Future of Flight
When Concorde was retired in October of 2003, it was thought that the era of supersonic travel was over. We were half-heartedly accepting that we had reached the very pinnacle of speed for aviation and now it was simply downhill from here – we had quite literally had “our Concorde moment”. However, there are now a number of firms across the world who are attempting to bring back supersonic speeds to commercial aviation.
In 2015, after a 13-year development process the Aerion Corporation announced that they had just received their first order for 20 $120 million supersonic jets. The company, who are funded by both Texas billionaire Robert Bass and European aerospace giant Airbus, are hoping to have commercial deliveries ready by 2023 (just in time for the 20th anniversary of Concorde’s retirement).
Predictably, Elon Musk has also shown interest in the idea of a supersonic jet, and in his own unique way. He has, on numerous occasions, discussed his idea for an electric supersonic jet with vertical landing and take-off capabilities. He has frequently expressed sadness that nothing was around to replace Concorde when it retired, and has even stated on a live Google Hangouts chat with Richard Branson his desire to build a supersonic jet:
“If I were to start another company in the future, which I don’t think is going to be anytime soon, it would be to create an aircraft that is a supersonic, vertical take off and landing electric jet. I think that is the ultimate form of transport… I wish someone would do that. If somebody doesn’t do that then maybe at some point in the future I will.”
Richard Branson himself has also partnered with Denver startup Boom Technology, who last year unveiled their XB-1 Supersonic Demonstrator, which is the world’s first privately developed supersonic jet and the fastest civil aircraft ever. Venture Capital firm Momentum Ventures have recently invested in the firm in a move that CEO Matt Keezer hopes will allow them to be a part of the future of travel. They are aiming to offer business/first class passengers the option to halve their flight time on long-haul flights for around the same cost. CEO Blake Scholl lamented the lack of progress in air travel over the last few decades:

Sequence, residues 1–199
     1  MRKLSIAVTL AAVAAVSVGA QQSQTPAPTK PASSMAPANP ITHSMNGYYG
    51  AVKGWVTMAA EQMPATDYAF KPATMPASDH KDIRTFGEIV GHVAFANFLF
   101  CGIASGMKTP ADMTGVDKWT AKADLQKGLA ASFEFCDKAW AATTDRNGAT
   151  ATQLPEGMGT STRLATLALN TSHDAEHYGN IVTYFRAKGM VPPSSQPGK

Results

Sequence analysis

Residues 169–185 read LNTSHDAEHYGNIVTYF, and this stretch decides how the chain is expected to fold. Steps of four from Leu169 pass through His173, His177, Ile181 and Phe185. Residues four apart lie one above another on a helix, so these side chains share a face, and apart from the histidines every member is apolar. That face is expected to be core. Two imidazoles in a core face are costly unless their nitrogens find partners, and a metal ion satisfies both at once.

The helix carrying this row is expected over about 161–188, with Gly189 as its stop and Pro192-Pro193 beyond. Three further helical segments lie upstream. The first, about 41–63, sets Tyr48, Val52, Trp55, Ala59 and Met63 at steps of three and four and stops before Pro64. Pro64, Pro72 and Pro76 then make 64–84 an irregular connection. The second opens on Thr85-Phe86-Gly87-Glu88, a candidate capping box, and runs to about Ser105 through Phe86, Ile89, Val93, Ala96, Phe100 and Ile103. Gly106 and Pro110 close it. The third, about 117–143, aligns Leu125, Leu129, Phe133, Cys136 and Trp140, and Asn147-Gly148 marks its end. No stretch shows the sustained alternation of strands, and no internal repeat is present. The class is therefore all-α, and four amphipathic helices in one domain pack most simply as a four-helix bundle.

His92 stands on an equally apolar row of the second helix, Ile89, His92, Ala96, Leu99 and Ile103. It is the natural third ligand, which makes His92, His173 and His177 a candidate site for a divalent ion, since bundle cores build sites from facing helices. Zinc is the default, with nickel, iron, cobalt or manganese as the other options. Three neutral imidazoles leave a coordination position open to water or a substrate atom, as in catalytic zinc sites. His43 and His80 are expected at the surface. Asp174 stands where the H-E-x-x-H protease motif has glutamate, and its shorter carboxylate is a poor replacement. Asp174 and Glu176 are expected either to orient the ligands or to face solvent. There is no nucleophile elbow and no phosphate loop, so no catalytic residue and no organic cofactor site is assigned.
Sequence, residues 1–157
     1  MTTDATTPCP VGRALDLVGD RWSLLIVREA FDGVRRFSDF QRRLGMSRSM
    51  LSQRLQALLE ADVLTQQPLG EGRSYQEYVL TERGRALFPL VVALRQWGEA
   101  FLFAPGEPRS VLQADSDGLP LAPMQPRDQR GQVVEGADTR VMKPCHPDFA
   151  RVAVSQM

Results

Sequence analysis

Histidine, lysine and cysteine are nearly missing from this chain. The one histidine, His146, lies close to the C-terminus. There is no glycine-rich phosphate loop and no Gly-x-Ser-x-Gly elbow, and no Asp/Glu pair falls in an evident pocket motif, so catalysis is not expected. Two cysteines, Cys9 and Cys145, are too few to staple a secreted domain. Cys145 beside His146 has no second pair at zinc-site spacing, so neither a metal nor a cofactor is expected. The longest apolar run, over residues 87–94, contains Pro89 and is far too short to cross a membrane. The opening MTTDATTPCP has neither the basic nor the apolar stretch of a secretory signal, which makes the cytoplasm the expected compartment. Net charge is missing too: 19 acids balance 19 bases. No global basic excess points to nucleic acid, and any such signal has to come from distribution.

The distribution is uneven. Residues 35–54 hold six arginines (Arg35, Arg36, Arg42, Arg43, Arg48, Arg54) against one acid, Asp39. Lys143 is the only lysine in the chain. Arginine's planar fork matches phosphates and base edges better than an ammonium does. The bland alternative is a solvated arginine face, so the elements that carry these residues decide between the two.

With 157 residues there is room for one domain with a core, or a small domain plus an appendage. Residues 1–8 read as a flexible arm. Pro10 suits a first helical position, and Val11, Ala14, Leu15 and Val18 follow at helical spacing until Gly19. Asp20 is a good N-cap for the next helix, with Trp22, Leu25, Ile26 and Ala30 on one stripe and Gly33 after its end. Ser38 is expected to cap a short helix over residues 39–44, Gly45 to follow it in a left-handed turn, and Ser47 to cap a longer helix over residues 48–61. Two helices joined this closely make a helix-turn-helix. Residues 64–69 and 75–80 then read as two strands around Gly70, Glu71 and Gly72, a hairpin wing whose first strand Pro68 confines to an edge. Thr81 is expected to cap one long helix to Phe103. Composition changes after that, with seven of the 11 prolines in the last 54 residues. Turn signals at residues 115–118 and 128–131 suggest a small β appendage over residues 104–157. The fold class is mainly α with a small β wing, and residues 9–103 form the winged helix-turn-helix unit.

“60 years after the dawn of the jet age, we’re still flying at 1960s speeds… Concorde’s designers didn’t have the technology for affordable supersonic travel, but now we do.”
NASA’s Quiet Supersonic Technology (QueSST) program hopes to solve the problem of the noise associated with the sonic boom, in February of last year they partnered with Lockheed Martin, and by 2020 they hope to demonstrate their “low-boom” supersonic aircraft. So all that remains is to get the planes through production.
The first Boom flights are pencilled in for later this year, so keep an eye on the skies over the Atlantic! You might see (or hear) some supersonic jets sooner than you think!
Sponsored series by Momentum Ventures
By Josh Hamilton
Josh Hamilton is an aspiring journalist and writer who has written for a number of publications involving Cloud computing, Fintech and Legaltech. Josh has a Bachelor’s Degree in Political Law from Queen’s University in Belfast. Studies included, Politics of Sustainable Development, European Law, Modern Political Theory and Law of Ethics.